Tuesday, June 26, 2018

Lie of Pablo: Churchillian tweet gets Kanye West in trouble

Baker-Rhett v. Aspiro AB, 2018 WL 3094921, No. 16-cv-5801-GHW (S.D.N.Y. Jun. 22, 2018)

“On February 15, 2016, Kanye West tweeted that his new album—The Life of Pablo—‘will never never never be on Apple. And it will never be for sale ... You can only get it on Tidal.’ Six weeks later, the album was on Apple, and was for sale on sites other than Tidal, the online streaming service operated by defendant Aspiro.”  [Should have left in some caveats for "honour and good sense," Churchill might have told him.] Aspiro launched in 2014, but struggled for survival despite its backing from its artist-owners such as West.  West’s 26 million Twitter followers were exposed to his tweet, and the official Tidal account also tweeted “It’s streaming exclusively on TIDAL.com.” Within the first ten days of the release of The Life of Pablo, Tidal’s subscription numbers tripled from 1 million to 3 million, and  West boasted to his Twitter followers about their impact.

Baker-Rhett allegedly relied on West’s tweet, and lost $9.99 as a result (he cancelled after learning that the album would be available on Spotify, to which he already subscribed).  He sued on behalf of a putative class. The court found that he lacked standing to assert NY GBL claims because the challenged transactions didn’t happen in New York (Baker-Rhett is Californian) and the NY choice of law provisions in the Tidal terms & conditions didn’t cover all aspects of his dealings with defendants, but that fraudulent inducement was plausibly pled.

Fraudulent inducement under New York law “requires a showing that ‘(1) the defendant made a material false representation, (2) the defendant intended to defraud the plaintiff thereby, (3) the plaintiff reasonably relied upon the representation, and (4) the plaintiff suffered damage as a result of such reliance.’ ”  West argued that his tweet was true, because the album was “updated and remixed numerous times, with different vocals, lyrics, and arrangements,” and that only those “ ‘newly updated, remixed and remastered version[s]’ of The Life of Pablo have been made available for purchase or streaming on platforms other than Tidal.” This “tenuous” argument certainly wasn’t enough on a motion to dismiss, given reasonable inferences about what an “album” is.  The complaint also plausibly alleged that West was Aspiro’s agent for these purposes.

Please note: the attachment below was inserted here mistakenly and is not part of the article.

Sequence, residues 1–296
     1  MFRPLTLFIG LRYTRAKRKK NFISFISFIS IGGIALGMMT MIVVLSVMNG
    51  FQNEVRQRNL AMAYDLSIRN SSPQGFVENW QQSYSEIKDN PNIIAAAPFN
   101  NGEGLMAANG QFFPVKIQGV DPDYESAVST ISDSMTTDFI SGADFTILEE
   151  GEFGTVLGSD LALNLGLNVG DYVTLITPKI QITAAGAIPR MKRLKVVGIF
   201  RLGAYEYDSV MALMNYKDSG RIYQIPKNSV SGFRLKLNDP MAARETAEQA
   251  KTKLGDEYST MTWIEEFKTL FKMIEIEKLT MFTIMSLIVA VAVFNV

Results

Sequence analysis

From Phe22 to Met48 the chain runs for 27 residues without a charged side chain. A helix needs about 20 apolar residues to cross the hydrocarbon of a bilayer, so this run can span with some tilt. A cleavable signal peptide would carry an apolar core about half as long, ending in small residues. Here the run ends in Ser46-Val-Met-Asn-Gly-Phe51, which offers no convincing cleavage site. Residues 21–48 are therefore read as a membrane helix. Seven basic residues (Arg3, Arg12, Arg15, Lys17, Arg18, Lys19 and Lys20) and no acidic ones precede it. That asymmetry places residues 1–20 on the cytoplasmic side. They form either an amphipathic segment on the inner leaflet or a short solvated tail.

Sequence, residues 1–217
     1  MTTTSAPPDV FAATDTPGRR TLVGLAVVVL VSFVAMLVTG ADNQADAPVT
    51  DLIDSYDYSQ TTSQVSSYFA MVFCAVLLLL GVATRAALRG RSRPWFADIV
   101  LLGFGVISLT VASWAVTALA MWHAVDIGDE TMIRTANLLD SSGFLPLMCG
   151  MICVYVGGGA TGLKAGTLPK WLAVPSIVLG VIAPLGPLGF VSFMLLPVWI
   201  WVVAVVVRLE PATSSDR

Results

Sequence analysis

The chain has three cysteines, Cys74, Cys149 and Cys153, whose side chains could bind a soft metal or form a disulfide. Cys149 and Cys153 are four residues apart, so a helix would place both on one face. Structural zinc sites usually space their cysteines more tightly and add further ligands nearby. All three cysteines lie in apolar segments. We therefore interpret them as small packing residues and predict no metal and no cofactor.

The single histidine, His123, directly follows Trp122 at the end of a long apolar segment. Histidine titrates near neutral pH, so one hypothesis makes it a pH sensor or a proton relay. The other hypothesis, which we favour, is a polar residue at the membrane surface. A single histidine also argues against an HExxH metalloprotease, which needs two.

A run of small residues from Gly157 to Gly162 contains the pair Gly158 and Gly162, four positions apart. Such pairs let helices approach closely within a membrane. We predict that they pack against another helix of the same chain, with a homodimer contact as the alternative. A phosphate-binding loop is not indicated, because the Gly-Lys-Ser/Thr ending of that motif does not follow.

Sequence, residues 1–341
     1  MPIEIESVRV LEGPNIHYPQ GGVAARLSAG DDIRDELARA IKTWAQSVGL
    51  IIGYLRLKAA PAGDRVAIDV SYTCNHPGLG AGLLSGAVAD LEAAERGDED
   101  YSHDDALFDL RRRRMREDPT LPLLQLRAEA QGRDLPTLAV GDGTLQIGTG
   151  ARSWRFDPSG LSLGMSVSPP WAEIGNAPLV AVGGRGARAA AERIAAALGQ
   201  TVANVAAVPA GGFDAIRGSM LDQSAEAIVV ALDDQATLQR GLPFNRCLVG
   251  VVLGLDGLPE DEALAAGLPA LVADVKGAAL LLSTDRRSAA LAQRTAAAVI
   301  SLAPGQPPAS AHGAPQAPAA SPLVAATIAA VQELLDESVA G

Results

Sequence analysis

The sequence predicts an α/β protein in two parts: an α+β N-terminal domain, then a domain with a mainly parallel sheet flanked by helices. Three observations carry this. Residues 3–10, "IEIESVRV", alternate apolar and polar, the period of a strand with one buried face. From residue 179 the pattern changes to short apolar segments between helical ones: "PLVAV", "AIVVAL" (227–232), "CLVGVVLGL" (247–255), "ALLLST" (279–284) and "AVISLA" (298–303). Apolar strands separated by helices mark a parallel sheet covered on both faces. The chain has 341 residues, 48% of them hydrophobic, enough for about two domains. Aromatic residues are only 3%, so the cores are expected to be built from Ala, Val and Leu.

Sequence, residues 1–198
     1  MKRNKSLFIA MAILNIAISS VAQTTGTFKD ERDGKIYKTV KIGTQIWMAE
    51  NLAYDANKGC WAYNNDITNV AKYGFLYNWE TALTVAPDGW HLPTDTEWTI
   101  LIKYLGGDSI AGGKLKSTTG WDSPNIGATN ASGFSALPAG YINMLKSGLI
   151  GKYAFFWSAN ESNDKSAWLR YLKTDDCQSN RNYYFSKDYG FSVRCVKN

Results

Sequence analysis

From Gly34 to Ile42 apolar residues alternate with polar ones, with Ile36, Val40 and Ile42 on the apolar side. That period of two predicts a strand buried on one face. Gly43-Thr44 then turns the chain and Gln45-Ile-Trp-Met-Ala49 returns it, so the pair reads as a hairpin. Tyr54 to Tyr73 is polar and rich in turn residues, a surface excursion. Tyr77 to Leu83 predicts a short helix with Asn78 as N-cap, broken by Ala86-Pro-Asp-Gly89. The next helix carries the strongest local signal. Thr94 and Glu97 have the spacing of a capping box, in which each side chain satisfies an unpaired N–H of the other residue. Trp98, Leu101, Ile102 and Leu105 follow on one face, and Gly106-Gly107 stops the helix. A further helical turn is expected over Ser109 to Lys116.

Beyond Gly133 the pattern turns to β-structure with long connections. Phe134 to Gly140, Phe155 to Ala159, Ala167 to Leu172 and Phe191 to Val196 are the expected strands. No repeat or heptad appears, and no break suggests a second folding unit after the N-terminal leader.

For scienter, a plaintiff must “allege facts giving rise to ‘a strong inference of fraudulent intent,’ ” which requires either (a) alleging facts to show that the defendants had both motive and opportunity to commit fraud, or (b) alleging facts that constitute strong circumstantial evidence of conscious misbehavior or recklessness.  Here, the complaint satisfied (b) by describing in detail the dire financial condition of both Aspiro and West at the time of the album release of his album and the tangible benefits of an increase in Tidal’s subscriber base for both of them, and alleging that both knew at the time of the tweet that the album soon would be available elsewhere. Combined with the fact that the album was available elsewhere a “mere” six weeks later, that was strong circumstantial evidence of conscious misbehavior.

By contrast, Aspiro’s tweet and silence alone weren’t enough. Baker-Rhett pled reliance on West’s tweet, not on Tidal’s. The press stories touting the exclusivity of Tidal’s platform focused on the content of West’s Tweet; also the Tidal tweet didn’t contain an express commitment that the album would be available exclusively on Tidal in the future. Instead, Tidal made its exclusivity claim in the present tense, which was true at the time. A claim of fraudulent inducement can be based on a material omission as well as a material misstatement, but Baker-Rhett alleged no special relationship or fiduciary obligation requiring a duty of full and complete disclosure by Aspiro to its prospective customers.

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